Placental methylome analysis from a prospective autism study.
- Author(s): Schroeder, Diane I
- Schmidt, Rebecca J
- Crary-Dooley, Florence K
- Walker, Cheryl K
- Ozonoff, Sally
- Tancredi, Daniel J
- Hertz-Picciotto, Irva
- LaSalle, Janine M
- et al.
Published Web Locationhttps://doi.org/10.1186/s13229-016-0114-8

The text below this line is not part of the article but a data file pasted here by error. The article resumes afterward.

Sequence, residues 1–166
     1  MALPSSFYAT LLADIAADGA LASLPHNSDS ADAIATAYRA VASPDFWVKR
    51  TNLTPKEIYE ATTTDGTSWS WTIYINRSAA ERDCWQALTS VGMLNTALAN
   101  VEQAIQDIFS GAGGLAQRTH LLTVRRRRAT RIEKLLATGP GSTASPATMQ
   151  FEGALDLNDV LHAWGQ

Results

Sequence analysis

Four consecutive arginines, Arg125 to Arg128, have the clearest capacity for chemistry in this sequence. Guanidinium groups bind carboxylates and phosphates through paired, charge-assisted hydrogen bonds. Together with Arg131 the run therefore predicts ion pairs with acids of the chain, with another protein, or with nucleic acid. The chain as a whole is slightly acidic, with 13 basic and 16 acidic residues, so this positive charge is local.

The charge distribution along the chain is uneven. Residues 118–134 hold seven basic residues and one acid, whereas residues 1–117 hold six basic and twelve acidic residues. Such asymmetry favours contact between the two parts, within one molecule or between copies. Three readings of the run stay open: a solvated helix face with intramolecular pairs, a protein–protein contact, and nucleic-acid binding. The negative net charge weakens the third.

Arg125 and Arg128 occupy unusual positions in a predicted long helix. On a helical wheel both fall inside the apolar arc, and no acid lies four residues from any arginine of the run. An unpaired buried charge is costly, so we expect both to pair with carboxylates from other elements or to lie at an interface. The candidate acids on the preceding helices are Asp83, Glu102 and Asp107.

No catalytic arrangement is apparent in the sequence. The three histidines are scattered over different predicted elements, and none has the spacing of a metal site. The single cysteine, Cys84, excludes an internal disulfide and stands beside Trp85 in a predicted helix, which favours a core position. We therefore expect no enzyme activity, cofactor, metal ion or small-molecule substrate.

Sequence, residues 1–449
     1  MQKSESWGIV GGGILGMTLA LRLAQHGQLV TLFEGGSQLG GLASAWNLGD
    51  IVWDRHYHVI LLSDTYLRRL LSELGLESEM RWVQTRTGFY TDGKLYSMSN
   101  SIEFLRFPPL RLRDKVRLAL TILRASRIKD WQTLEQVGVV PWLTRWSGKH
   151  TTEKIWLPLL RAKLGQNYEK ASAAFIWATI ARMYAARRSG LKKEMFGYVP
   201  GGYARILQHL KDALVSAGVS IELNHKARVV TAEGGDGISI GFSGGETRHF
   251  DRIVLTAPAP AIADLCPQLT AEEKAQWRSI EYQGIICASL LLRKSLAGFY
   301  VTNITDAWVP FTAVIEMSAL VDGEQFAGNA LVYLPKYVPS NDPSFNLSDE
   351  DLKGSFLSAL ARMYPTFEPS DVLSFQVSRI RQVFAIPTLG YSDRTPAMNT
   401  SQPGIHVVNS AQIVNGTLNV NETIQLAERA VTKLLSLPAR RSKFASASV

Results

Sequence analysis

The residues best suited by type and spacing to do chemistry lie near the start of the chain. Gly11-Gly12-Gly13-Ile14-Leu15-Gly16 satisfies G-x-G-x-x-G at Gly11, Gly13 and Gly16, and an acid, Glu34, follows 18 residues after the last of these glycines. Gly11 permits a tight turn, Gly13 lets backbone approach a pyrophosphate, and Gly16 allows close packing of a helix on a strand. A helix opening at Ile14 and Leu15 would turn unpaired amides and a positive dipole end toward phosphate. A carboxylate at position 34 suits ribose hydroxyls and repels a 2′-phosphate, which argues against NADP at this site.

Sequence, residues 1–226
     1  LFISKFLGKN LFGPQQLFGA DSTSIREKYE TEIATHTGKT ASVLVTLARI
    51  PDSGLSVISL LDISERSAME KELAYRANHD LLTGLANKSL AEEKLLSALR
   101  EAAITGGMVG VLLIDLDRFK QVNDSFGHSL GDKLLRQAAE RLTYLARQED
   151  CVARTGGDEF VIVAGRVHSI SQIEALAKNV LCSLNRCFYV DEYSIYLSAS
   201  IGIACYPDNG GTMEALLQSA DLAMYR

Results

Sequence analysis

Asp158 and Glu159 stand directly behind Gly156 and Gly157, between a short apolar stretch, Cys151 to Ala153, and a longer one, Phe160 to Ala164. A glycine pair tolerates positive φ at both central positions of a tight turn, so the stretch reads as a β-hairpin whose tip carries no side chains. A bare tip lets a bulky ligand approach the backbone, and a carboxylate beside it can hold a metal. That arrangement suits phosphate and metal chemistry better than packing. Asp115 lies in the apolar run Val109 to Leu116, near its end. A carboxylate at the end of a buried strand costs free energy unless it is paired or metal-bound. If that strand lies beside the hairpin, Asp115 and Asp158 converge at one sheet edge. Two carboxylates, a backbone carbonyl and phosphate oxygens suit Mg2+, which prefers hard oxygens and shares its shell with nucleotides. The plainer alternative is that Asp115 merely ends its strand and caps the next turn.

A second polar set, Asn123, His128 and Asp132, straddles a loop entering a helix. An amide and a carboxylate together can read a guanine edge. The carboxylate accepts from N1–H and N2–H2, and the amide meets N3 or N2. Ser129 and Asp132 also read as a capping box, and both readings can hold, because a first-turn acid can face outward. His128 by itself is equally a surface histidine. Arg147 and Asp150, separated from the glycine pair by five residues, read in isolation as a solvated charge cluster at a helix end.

BACKGROUND:Autism spectrum disorders (ASD) are increasingly prevalent neurodevelopmental disorders that are behaviorally diagnosed in early childhood. Most ASD cases likely arise from a complex mixture of genetic and environmental factors, an interface where the epigenetic marks of DNA methylation may be useful as risk biomarkers. The placenta is a potentially useful surrogate tissue characterized by a methylation pattern of partially methylated domains (PMDs) and highly methylated domains (HMDs) reflective of methylation patterns observed in the early embryo. METHODS:In this study, we investigated human term placentas from the MARBLES (Markers of Autism Risk in Babies: Learning Early Signs) prospective study by whole genome bisulfite sequencing. We also examined the utility of PMD/HMDs in detecting methylation differences consistent with ASD diagnosis at age three. RESULTS:We found that while human placental methylomes have highly reproducible PMD and HMD locations, there is a greater variation between individuals in methylation levels over PMDs than HMDs due to both sampling and individual variability. In a comparison of methylation differences in placental samples from 24 ASD and 23 typically developing (TD) children, a HMD containing a putative fetal brain enhancer near DLL1 was found to reach genome-wide significance and was validated for significantly higher methylation in ASD by pyrosequencing. CONCLUSIONS:These results suggest that the placenta could be an informative surrogate tissue for predictive ASD biomarkers in high-risk families.